17:39 - 17:39

Without a doubt.

17:39 - 17:41

Everybody go buy tickets.

17:41 - 18:14

Without a doubt. But we also have to understand, go buy tickets. Watch the games. Right. Totally support. Billie Jean did that for us. She showed us how it worked in women's tennis. Right. We have Molly now as league commissioner was the commissioner at the LPGA showing us the way we have some great leadership in women's sports. Oh, Jessica Berman. Now, the NWSL, I mean, there's really good things happening. But I also want to remind us, it's more than just that. We have to understand kind of the environment we living in. And I'll never forget the story because I think it's telling and you probably can make it even more relatable.

18:15 - 18:59

I was at ESPN. They do this thing called a car wash in leadership. You go up and you meet with all of their different media talent and they talk to you about your business. And so I had 100 ESPN employees and one woman waves her hand and she said, You know, I play basketball, but I'm not interested in the WNBA. And you kind of look around and say, Well, thank you for sharing, but let's talk about why, like LeBron James, like one of the biggest sports stars in the world, Nike was paying him at the time $94 million to wear their sneaker. While they're investing of that much money, how much do you think they're spending in media behind that? And so, every day when any young girl plays basketball or young boy watches television, they're seeing in a commercial that is talking about this shoe. And there are no women's shoes at the time now.

18:59 - 19:40

Right. We have evolved. Right. So, all the cues, if I look in the media, if I pick up the newspaper, there's nothing to tell me that anyone else is interested in women's sports because they wouldn't do it. They've had these battles for years and years and years. We're starting to see that now. They sold 87,000 tickets to watch the lionesses. Isn't that a great name? Of England, of the UK play in the finals and win the UEFA Cup. And they now have a friendly and they just sold out 90,000 tickets. So, you know, things are happening that way. Right. Because guess what? The media. All the support systems that guide what's important to us are now guiding us in a much more broader and gender equitable way.

19:40 - 19:50

Awesome. Let's stay with the positive. We could talk for hours around women's sports and the rise and support. Thank you for all you've done and for reminding us of what we need to do to do more.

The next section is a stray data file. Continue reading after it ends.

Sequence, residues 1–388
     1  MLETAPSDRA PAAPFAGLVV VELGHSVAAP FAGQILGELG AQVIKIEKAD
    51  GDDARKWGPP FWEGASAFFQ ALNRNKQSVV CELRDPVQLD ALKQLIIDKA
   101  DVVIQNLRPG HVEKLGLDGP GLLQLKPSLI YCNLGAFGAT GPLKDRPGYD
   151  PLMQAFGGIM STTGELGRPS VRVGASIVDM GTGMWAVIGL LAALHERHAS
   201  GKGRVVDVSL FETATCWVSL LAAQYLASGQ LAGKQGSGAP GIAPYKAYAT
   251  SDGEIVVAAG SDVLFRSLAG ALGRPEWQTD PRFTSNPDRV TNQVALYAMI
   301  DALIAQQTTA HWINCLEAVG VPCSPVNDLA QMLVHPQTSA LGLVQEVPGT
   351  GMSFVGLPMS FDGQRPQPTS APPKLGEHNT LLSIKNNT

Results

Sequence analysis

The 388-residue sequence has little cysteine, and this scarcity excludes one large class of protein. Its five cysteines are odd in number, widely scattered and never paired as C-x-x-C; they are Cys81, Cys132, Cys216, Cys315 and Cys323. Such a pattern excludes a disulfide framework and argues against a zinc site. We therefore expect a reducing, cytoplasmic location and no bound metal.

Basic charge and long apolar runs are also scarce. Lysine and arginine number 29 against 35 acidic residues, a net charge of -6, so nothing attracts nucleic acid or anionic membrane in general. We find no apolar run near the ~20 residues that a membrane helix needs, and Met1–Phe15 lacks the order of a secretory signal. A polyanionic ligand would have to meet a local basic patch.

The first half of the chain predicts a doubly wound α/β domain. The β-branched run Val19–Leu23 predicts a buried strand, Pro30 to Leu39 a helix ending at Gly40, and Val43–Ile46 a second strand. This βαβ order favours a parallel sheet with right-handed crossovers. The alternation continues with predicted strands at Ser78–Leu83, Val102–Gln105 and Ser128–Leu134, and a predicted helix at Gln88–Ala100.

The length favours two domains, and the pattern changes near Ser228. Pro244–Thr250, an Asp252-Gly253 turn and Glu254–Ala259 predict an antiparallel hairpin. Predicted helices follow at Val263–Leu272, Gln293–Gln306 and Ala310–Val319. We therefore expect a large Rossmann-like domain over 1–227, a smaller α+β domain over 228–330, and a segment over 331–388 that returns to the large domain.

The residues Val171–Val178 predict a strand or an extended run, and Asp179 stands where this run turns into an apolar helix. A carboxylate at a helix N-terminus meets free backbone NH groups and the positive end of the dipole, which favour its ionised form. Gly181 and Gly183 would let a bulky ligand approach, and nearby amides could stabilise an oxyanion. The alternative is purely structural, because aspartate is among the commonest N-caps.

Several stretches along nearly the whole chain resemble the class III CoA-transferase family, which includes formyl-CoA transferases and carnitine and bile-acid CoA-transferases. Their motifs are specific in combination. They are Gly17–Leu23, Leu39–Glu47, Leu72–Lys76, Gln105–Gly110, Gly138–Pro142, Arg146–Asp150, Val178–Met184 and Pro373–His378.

19:51 - 20:17

So, let's transition to talk about Generation W. In addition to your love of sports, you've said your true passion is really creating opportunities for women and girls and. You launched this non-profit called Generation W, which has an annual Women's Leadership Conference and Generation Wow! Which is a yearlong mentorship program for teen girls. So, tell us about these efforts and about your book on mentorship called Wowza.

20:17 - 20:41

Oh, yes, yes, yes. So, when I when I got home from the WNBA, what I learned so much from that experience is how my heart was so much bound up in making opportunities, as you said, and elevating women and girls. We are important. We're vital to the health of our families, to our communities. Right, to our companies, to our country, to the world.

20:41 - 21:28

Right. I always say, you know, women's hands hold up the world and it's not to bring anyone else down. All it is is like, if I could make a team a sports analogy, if you're a coach of a team and all of us are coaching teams and I know earlier said that tennis is an individual sport. Every sport is a team sport. You might be on the court by yourself, but there's a coach in your family in the box, and then there's trainers and there's nutritionists. And it's you're always part of a team and you're always going to want the best teammates on your team if you want to succeed. And so, would we do that by only picking from 50%, less than 50% of the talent pool, which is historically what's happened for a variety of reasons? No, we wouldn't. So, you know, the vital ness of women contributing and that obviously for our own individual growth and betterment.

21:28 - 22:10

Anyway, so I came home and said I must do something, and I met great people everywhere I went, especially great women. And I said, you know, I want to do something here. I live in the South; I am a northerner. So, let's do something to educate, inspire and connect women. Let's make them more visible not only to themselves, but to the world in which they live. And so, generation was born, and it was exciting. No one, no one knew what I was talking about, or they all pretended at me this after they pretended, I did. But I took the best ideas of everything in the women that I had met along the way, especially many at the Fortune conference, said to me, if you do, something will come. By the way, if you do, something will come. And they did.